29 - Chandra Coleman Harris, Revlon

Episode Thumbnail
00:00
00:00
This is a podcast episode titled, 29 - Chandra Coleman Harris, Revlon. The summary for this episode is: <p><span style="font-weight: 400;">In Episode 29 of Earned, Conor sits down with Chandra Coleman Harris, General Manager of beauty giant Revlon. We dive into Revlon’s digital transformation during the pandemic, and learn how the brand leveraged lighthearted “edutainment” content, along with its #ButItHelps campaign, to stay connected with audiences. We also explore how Revlon amped up product categories like nails and hair color as consumers turned to at-home self-care. Chandra discusses the advantages and challenges of existing in multiple product categories, before sharing the tools Revlon uses to observe and anticipate shifts in consumer behavior. We then chat through Chandra’s own career journey, and she and Conor dissect the “night and day” differences between digital marketing back in 2008 and today. Finally, we hear how Chandra’s marketing approach changed following the birth of her daughters, including why she feels a greater responsibility to “shape and mold what beauty stands for and how beauty is brought to life.” </span></p>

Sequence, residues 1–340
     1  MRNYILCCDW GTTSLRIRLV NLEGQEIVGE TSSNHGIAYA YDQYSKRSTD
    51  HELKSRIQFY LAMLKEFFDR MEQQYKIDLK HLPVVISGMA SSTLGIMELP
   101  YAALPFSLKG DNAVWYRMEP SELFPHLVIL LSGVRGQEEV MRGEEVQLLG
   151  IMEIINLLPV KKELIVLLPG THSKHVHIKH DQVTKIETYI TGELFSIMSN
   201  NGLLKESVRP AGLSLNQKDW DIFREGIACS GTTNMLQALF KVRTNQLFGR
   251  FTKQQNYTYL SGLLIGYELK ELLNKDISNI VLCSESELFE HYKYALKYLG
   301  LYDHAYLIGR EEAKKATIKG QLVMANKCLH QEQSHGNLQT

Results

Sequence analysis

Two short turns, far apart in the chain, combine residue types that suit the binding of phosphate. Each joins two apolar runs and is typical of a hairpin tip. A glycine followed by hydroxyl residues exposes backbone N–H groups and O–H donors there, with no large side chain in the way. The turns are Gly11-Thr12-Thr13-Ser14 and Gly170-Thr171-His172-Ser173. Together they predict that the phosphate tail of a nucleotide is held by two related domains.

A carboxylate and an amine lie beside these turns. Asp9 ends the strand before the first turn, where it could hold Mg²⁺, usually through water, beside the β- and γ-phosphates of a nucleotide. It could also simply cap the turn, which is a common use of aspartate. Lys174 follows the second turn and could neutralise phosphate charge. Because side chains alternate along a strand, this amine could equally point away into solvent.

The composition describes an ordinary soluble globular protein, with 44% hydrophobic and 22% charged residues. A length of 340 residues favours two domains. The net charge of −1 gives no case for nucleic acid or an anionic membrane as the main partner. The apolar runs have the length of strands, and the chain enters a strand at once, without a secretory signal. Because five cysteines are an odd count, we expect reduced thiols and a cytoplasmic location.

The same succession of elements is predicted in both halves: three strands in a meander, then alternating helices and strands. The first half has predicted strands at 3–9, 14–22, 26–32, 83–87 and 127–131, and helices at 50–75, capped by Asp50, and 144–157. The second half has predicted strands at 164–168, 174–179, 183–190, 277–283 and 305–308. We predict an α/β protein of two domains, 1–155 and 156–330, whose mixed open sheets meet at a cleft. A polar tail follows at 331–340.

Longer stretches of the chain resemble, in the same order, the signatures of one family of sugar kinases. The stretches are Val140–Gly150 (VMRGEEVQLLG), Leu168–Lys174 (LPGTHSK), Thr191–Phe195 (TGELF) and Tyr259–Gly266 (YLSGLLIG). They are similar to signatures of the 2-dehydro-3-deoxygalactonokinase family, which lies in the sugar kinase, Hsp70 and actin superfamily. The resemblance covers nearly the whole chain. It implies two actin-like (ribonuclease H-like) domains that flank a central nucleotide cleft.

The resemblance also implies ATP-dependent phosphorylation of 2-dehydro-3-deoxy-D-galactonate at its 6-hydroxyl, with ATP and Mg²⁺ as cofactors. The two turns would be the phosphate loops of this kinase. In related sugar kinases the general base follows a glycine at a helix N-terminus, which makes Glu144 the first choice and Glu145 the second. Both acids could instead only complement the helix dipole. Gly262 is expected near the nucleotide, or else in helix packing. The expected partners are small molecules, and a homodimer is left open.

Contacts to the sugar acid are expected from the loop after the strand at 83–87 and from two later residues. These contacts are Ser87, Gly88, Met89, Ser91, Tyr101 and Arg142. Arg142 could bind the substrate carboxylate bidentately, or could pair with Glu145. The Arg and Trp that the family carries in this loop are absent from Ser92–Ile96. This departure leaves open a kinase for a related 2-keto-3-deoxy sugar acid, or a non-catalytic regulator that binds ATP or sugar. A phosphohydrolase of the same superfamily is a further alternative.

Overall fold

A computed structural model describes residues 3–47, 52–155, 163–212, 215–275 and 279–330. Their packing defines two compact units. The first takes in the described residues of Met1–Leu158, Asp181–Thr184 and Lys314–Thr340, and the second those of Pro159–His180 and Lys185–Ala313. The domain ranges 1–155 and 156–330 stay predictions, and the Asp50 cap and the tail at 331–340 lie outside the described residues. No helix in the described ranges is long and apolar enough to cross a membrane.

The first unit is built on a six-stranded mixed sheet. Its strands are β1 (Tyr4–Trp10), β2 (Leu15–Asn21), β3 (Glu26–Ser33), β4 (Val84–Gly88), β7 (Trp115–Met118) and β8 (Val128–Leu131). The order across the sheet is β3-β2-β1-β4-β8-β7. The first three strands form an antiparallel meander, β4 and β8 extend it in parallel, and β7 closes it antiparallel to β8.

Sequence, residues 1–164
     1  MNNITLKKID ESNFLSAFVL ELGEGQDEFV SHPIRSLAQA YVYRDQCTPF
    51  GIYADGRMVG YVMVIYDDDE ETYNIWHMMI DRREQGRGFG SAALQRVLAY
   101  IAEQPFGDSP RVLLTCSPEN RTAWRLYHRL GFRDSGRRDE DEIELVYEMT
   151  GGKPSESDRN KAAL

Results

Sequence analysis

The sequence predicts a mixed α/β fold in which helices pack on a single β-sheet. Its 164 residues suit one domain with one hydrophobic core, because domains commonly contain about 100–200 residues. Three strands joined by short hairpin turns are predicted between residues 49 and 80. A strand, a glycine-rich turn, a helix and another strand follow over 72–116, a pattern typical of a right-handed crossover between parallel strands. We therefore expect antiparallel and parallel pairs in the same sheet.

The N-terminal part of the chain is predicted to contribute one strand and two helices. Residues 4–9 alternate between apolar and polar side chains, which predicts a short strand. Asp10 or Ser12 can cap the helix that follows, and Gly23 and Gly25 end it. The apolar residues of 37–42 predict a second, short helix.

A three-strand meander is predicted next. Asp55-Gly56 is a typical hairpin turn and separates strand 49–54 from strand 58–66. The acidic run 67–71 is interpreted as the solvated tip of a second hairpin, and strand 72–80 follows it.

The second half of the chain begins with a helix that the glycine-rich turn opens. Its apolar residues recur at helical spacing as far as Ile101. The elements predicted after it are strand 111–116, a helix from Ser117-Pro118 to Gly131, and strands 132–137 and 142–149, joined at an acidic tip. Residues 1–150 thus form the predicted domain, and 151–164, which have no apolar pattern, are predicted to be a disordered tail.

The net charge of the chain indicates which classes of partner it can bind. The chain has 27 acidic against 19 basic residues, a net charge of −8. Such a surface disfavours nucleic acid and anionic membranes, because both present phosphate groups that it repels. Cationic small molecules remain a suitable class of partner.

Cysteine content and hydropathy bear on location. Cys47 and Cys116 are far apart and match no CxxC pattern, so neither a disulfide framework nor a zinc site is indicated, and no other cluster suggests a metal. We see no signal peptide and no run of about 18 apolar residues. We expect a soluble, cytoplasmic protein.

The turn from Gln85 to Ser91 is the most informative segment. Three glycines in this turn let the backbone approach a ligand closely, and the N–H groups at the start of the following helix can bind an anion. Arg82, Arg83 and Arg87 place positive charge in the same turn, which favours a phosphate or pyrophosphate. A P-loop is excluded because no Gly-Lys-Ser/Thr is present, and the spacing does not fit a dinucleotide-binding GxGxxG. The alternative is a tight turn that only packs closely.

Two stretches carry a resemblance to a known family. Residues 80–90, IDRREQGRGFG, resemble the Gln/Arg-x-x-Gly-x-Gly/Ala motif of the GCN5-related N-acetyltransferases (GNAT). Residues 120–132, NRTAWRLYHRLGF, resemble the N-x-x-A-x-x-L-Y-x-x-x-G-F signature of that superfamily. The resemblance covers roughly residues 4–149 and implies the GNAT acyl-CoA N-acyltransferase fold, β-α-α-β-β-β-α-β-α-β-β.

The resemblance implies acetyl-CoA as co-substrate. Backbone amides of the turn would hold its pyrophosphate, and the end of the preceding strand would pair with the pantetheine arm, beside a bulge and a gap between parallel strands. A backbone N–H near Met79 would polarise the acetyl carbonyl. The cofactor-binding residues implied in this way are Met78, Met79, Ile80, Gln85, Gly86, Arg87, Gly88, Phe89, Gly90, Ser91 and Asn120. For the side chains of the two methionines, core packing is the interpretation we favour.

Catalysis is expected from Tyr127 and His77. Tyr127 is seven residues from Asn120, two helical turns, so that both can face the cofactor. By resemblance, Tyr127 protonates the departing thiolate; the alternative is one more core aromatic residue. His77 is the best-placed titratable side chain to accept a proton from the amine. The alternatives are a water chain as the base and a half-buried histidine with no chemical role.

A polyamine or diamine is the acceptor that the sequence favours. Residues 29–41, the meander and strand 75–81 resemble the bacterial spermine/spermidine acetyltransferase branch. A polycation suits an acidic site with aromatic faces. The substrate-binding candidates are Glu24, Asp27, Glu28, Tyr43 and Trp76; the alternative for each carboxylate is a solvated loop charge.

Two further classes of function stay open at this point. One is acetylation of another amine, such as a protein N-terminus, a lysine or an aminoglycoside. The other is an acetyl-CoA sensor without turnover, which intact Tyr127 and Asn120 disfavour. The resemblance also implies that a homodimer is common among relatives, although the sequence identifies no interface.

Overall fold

DESCRIPTION

In Episode 29 of Earned, Conor sits down with Chandra Coleman Harris, General Manager of beauty giant Revlon. We dive into Revlon’s digital transformation during the pandemic, and learn how the brand leveraged lighthearted “edutainment” content, along with its #ButItHelps campaign, to stay connected with audiences. We also explore how Revlon amped up product categories like nails and hair color as consumers turned to at-home self-care. Chandra discusses the advantages and challenges of existing in multiple product categories, before sharing the tools Revlon uses to observe and anticipate shifts in consumer behavior. We then chat through Chandra’s own career journey, and she and Conor dissect the “night and day” differences between digital marketing back in 2008 and today. Finally, we hear how Chandra’s marketing approach changed following the birth of her daughters, including why she feels a greater responsibility to “shape and mold what beauty stands for and how beauty is brought to life.”